I tried to find the romance in Second Life. I really did.
Last week, one of our bloggers sent me a Wall Street Journal article about the online game called Second Life. The article, by Alexandra Alter, is one of the best I've seen. It chronicles the troubled marriage of a man who puts his virtual life above his real one, even to the point of having a virtual "wife" who he has never met in the real world.
Alter's article was so compelling, I decided to try Second Life for myself.
I made myself a generic avatar and set off in search of adventure. After three hours I quickly understood why people use this game for infidelity and cybersex. Unless you're a programmer or a graphic artist, there is literally nothing else to do.
The graphics are crude but serviceable, and you can tell people have put some real work into it. Second Life is really the Home Depot of computer games. Everything in the game is a do-it-yourself project. Amateur animators can design houses, furniture, games and knickknacks, each with their own set of rules and animations.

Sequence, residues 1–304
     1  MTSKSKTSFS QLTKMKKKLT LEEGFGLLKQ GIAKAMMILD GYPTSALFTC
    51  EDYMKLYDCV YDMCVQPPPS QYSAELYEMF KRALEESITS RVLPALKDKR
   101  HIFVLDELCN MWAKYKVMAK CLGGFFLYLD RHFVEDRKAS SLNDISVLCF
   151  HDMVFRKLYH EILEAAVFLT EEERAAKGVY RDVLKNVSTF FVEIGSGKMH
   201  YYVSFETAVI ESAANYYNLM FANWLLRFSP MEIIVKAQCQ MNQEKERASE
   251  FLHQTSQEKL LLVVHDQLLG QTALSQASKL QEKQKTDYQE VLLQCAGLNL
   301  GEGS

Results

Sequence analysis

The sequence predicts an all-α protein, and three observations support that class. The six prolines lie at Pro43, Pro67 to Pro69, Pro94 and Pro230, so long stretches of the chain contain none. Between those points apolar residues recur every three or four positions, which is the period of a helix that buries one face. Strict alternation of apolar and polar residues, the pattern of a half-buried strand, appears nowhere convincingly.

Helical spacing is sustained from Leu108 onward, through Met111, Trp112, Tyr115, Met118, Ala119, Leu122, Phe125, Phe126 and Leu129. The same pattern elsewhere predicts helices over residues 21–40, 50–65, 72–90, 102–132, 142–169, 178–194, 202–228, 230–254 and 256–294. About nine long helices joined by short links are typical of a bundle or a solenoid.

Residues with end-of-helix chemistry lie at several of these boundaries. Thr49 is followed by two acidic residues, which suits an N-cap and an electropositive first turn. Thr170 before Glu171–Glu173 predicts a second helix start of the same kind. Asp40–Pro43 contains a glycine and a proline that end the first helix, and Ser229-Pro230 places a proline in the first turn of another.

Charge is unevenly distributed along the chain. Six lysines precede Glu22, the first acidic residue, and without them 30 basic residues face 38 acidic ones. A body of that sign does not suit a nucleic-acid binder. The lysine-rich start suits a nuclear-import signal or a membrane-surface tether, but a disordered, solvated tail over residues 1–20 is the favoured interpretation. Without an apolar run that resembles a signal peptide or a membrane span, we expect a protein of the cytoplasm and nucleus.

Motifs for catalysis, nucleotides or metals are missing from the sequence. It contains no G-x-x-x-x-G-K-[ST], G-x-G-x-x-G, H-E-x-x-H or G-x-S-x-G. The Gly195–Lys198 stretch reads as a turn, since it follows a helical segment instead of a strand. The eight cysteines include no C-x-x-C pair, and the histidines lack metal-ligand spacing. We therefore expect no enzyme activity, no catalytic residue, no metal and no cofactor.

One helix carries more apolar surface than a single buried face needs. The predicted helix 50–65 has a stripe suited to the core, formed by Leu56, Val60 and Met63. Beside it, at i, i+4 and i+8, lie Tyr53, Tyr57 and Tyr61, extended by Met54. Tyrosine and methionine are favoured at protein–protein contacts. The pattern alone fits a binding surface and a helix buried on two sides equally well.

And all of these creations are for sale. Everything in the game is bought with "Lindens." Currently, 250 Lindens can be traded for one dollar U.S., making the game a source of real-world income for people with the right skills. Designers have built and sold entire islands in this game.
The central figure in the WSJ article ran a virtual nightclub, complete with bouncers, bartenders and strippers all run by real people.
Second Life held no attraction for me because there is no "game" here.
They might as well change the name to Mid-Life Crisis. Call me shallow, but if I'm not killing Orcs within 10 minutes of character creation, your design concept is fundamentally flawed.
The Wall Street Journal article ends with the virtual protagonist driving his virtual Harley-Davidson down a virtual mountain road. Why is it always motorcycles? And why are guys in Harley-Davidson shirts always driving cars? I guess by the time you have enough money to afford your dream bike, you're too old to look good on it.
Maybe I'm old-fashioned, but spending real money on fake things sounds ludicrous to me like going out for dinner so you can buy pictures of steak.
The page stops but the blog goes on. Talk back to Michael at www.lubbockonline.net/blogs/duff/
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